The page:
One pernicious result of diet fanaticism is a binge-and-purge eating disorder, called bulimia or bulimorexia (obsession with eating, but with a compulsion to be thin). It may start after a period of stringent dieting, subsequently degenerating into alternate dieting and binging. The person may eat up to 40,000 calories (or even more) in a couple of hours.
One lady described a typical binge: a couple of Burger Queen, burgers with French fries; then a repeat at McDonald’s; followed by a dozen doughnuts at the doughnut shop; a couple of sundaes at Dairy Queen; then home to raid the refrigerator; after which she throws up all of it.
In the earlier stages, the vomiting is self-induced, but it later becomes involuntary. Bulimics may eat and throw up ten times in one day. Some bulimics take large amounts of laxatives and/or diuretics every day to prevent weight gain, or simply to relieve pain after the binge. They may starve themselves for a couple days afterward.
Eventually, the bulimia is so uncontrollable that every time they start to eat, it turns into a binge. It controls them completely. They are no longer doing it for the enjoyment of eating, or thinking about weight control, but because they can’t help themselves. It develops to a point where it is a physical addiction in addition to a psychological disorder.
It becomes very, very dangerous, and can result in metabolic alkalosis, a destruction of the body’s ability to maintain its acid-alkaline balance. It can damage the liver and kidneys, and can be life-threatening. The constant eating (food in their mouths for hours at a time) also results in tooth decay.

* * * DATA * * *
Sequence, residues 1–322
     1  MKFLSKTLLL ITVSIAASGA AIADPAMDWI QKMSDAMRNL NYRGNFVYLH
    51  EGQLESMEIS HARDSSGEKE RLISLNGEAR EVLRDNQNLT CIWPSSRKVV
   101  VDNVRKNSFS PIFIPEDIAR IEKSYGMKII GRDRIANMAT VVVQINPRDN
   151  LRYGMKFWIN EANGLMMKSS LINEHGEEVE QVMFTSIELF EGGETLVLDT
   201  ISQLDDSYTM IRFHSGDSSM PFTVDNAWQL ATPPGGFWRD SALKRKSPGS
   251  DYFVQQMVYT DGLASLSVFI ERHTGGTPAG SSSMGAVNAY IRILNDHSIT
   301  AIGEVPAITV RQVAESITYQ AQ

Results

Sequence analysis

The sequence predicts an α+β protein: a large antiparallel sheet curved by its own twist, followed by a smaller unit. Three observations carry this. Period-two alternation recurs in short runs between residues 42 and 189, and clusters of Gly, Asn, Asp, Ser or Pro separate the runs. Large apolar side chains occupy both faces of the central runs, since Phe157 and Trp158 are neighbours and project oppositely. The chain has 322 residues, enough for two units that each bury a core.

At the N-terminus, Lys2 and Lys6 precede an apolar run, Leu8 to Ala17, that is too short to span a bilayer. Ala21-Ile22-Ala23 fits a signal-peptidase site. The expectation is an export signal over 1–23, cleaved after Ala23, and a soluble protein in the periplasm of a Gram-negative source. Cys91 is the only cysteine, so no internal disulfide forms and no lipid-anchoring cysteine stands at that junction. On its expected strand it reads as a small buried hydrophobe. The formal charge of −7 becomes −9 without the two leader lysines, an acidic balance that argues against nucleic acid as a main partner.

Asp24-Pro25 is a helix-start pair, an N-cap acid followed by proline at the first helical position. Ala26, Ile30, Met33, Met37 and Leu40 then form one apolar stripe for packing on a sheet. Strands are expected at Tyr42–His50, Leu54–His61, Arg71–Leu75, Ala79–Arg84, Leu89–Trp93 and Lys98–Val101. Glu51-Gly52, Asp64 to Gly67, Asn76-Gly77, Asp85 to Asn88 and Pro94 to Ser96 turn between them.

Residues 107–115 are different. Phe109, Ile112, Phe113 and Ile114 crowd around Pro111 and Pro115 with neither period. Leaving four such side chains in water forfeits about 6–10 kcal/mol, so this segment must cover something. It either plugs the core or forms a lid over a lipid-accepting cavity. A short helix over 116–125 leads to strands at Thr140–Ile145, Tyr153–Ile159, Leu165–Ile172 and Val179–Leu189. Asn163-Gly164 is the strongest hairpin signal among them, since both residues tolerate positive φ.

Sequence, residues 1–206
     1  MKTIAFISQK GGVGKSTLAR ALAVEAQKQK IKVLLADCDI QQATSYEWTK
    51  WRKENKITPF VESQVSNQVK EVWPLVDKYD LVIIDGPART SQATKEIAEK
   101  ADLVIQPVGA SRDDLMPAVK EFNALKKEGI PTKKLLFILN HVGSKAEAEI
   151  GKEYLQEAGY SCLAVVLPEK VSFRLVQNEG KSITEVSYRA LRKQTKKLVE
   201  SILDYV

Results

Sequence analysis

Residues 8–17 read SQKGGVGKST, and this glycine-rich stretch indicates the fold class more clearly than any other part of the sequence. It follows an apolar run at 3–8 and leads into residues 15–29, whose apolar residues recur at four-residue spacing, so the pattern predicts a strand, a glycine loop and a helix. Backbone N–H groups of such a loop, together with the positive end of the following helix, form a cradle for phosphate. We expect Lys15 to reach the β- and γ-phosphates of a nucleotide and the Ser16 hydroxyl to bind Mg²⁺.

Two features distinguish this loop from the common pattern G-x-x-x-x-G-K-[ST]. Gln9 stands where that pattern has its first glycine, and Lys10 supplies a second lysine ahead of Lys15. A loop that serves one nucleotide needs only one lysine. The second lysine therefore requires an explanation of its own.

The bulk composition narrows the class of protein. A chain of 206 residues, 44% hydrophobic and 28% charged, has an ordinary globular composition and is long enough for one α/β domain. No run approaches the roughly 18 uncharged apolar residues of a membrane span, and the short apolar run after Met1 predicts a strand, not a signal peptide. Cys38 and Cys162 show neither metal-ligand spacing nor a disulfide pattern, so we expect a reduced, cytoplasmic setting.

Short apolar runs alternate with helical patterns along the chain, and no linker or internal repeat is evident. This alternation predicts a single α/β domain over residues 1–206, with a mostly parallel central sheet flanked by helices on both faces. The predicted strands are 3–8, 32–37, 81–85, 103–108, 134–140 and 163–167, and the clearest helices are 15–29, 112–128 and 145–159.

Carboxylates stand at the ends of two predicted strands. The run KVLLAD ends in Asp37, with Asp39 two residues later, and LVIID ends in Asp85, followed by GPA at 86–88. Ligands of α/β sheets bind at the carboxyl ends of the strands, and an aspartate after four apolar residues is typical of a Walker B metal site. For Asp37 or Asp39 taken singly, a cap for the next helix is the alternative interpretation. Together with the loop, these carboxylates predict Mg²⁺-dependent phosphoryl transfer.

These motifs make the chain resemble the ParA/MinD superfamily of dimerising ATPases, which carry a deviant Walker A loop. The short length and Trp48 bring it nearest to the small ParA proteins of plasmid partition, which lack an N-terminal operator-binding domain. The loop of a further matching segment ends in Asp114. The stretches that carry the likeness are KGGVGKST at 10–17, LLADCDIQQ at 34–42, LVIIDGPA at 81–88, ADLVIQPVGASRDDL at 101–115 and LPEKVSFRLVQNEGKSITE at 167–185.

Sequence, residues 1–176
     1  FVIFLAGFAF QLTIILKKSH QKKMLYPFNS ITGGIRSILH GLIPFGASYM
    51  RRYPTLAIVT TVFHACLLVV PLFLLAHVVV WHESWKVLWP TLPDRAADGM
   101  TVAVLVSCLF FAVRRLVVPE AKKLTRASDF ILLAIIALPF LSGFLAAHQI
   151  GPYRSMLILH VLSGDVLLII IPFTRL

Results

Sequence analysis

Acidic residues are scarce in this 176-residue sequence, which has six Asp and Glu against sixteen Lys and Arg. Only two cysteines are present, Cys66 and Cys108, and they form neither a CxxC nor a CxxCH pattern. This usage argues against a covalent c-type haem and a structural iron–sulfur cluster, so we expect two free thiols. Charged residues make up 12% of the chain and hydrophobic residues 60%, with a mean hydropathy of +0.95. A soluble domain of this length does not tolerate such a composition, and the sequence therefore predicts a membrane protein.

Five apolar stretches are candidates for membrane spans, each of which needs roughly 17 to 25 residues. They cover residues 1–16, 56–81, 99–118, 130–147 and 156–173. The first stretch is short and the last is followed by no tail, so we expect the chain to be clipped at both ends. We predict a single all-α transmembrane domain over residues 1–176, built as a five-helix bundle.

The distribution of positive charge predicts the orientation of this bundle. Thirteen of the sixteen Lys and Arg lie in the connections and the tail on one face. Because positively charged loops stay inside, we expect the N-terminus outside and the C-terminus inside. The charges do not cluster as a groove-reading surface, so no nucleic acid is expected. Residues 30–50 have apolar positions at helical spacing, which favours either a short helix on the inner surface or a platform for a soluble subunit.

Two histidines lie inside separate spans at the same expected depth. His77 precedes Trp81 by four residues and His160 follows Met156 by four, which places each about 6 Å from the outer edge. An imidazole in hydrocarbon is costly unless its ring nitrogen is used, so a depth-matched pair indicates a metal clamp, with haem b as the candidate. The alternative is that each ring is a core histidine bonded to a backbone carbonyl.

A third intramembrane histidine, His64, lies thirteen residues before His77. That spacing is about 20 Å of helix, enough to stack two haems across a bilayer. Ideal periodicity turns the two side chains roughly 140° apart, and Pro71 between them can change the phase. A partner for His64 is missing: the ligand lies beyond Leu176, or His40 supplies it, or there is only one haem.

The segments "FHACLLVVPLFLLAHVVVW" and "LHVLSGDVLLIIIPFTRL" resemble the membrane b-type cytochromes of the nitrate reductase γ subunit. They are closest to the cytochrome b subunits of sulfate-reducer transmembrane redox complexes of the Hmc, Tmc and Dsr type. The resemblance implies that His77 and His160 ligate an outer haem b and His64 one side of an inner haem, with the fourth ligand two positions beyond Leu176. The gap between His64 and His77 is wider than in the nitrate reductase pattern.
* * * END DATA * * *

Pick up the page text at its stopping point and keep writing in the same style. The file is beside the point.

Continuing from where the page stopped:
This disorder was discussed on the Phil Donahue Show, WTSP, Channel 10, Tampa, on June 28, 1982.
Most bulimics are women, only 5% are men. Most bulimics look normal and are not significantly overweight or underweight, but food has become their total preoccupation, and they spend six to eight hours a day in its involvement. A bulimic usually binges and purges in secret, and they have been said to spend as much as several hundred dollars on food in one weekend.
This behavior is epidemic in colleges; up to 30% of college students practice some form of bulimia, according lo the 20/20 TV program on July 1, 1982.
It is also common among dancers and actresses (very few men are bulimics). Actress Jane Fonda admitted to having been a bulimic for years. She said the more you do it, the more you need to do it. She said as she grew older and realized what she was doing to herself, she was determined to stop. It took her sixteen years to break the pattern. She accomplished it by the use of willpower and exercise.
Both anorexia and bulimia are severe and dangerous eating disorders.
- 1. Foreword
- 2. Quintessence
- 3. “Appetite” Is Not Hunger
- 4. Development Of The Habit Of Overeating
- 5. Overeating Undermines Health
- 6. The Remedy Mentality
- 7. How Overeating Vitiates The Body
- 8. If You Want To Eat More, Eat Less
- 9. Light Eaters Vs. Heavy Eaters
- 10. The General Rule
- 11. Building Health And Strength
- 12. Willpower Is Supported By Knowledge
- 13. Food Addiction
- 14. History
- 15. Today
- 16. Fasting Fanaticism Vs. Rational Fasting
- 17. Special Problems
- 18. Diet Fanaticism
- 19. Bulimia
- 20. A Rational System Of Weight Control
- 21. Heroic Methods For Compulsive Eaters
- 22. Knowledge And Wisdom
- 23. Epilogue
- 24. Questions & Answers
- Article #1: It’s All In the State of Mind By Walter D. Wintle
- Article #2: How To Make Yourself Over by Self-Programming
- Article #3: Say Goodbye to Compulsive Eating By Mehl McDowell, M.D.
- Article #4: Well! You Wanted to Know By Vivian V. Vetrano
- Article #5: Why I Don’t Fast To Lose Weight By Marti Fry
- Article #6: Help! I Can’t Stop Eating